While we do know that Beethoven was baptized on December 17th, 1770, we don’t know his exact date of birth. The likelihood is that he was born one or two days before he was baptized, and most music scholars agree that the 16th of December is the most likely date.
Beethoven was a unique man. He was arrogant, and he was innovative. He was a man with big hair and a big temper. A man who spoke exactly what he thought no matter who was listening and had notes pouring out of his head constantly. A man who was so meticulous that he counted out 60 coffee beans every. time. he. had. a. cup. A man who ushered in the romantic era of classical music with his emotional musical expression and form. A man who lost his hearing but KEPT. WRITING. ANYWAY.
There’s a lot we can learn NOT to do from Beethoven. But if we looked for character strengths from his life that we should imitate, we would find these two huge ones:
P A S S I O N // P E R S E V E R A N C E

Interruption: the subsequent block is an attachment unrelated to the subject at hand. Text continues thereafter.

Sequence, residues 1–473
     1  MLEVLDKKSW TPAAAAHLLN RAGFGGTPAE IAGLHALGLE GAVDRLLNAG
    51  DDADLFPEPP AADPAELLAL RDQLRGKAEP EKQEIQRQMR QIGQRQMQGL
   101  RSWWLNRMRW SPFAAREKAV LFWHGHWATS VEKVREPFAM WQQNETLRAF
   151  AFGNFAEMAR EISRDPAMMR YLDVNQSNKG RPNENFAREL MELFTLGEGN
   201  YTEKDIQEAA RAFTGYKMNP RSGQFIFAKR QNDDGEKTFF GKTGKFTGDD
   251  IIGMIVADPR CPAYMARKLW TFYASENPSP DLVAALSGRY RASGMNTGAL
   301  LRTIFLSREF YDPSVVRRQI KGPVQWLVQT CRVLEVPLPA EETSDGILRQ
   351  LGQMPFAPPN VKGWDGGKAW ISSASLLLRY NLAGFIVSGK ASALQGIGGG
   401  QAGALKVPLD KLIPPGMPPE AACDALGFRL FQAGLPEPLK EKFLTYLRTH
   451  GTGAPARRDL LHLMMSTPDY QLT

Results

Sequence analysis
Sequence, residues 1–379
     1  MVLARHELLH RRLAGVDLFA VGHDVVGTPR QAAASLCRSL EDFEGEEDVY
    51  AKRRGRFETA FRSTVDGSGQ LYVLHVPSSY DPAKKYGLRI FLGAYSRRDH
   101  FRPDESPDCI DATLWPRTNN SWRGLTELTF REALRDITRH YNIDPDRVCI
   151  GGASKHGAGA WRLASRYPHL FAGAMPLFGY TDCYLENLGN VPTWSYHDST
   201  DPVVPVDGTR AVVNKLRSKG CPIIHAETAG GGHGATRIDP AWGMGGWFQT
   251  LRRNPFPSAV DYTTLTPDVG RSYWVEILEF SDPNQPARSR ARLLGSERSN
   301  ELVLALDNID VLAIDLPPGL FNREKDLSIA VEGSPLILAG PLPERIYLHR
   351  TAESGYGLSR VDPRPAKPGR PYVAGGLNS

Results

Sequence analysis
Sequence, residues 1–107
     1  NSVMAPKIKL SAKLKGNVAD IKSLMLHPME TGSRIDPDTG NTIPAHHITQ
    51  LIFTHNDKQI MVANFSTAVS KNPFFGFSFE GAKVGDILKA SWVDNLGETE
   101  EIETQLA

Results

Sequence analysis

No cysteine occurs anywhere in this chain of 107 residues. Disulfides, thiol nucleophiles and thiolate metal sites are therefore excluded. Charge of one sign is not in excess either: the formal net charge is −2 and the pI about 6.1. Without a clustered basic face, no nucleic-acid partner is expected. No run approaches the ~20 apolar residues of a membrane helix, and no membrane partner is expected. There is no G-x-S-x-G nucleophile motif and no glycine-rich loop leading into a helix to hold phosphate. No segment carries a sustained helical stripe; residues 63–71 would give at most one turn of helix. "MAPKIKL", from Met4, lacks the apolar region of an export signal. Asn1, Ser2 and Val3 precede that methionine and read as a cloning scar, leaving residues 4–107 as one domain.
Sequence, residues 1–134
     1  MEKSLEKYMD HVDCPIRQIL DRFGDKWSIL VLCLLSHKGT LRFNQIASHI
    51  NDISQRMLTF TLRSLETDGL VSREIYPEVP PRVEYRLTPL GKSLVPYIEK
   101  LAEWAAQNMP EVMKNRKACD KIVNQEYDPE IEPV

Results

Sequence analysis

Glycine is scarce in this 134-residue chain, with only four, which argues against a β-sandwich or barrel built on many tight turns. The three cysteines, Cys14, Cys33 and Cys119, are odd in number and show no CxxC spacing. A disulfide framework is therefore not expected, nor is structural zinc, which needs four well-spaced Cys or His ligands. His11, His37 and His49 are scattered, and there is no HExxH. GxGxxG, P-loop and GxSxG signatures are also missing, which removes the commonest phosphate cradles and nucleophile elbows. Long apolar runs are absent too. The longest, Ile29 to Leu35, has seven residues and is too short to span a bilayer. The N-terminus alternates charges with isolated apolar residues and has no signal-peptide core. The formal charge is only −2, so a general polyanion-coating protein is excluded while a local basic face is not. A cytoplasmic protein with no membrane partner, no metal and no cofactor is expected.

When Beethoven started writing his famous 5th Symphony, he was going deaf. But he wrote it anyway. When Beethoven completed his 9th Symphony, he was completely deaf. But he conducted it anyway. He showed us what it looks like to press on when it is impossible. Passion. Perseverance.
It’s been nearly 250 years since the birth of this great musician, and what a 250 years it has been. If he hadn’t been born to write music, our lives would be missing a few treasures. No Beethoven’s Fifth. No Pathetique. No Moonlight Sonata. No Ode to Joy.
He arrogantly stated once, “There are and always will be thousands of princes, but there is only one Beethoven!” Really, though, I think we cannot help but agree with him.
There will only ever be one Beethoven.